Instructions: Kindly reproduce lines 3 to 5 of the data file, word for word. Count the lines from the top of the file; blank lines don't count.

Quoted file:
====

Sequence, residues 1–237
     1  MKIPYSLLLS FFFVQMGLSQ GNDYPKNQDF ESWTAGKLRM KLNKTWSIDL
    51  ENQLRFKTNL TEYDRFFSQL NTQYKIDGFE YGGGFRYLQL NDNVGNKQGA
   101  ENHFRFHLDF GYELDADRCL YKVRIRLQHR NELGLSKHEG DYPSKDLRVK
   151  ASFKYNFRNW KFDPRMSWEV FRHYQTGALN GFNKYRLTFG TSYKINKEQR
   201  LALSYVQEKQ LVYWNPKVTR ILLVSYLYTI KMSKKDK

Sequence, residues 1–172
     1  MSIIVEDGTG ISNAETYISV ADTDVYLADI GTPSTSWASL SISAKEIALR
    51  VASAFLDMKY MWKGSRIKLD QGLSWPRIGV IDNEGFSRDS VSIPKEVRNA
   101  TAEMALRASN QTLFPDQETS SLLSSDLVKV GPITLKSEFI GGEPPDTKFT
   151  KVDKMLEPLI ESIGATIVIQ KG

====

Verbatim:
    51  ENQLRFKTNL TEYDRFFSQL NTQYKIDGFE YGGGFRYLQL NDNVGNKQGA
   101  ENHFRFHLDF GYELDADRCL YKVRIRLQHR NELGLSKHEG DYPSKDLRVK
   151  ASFKYNFRNW KFDPRMSWEV FRHYQTGALN GFNKYRLTFG TSYKINKEQR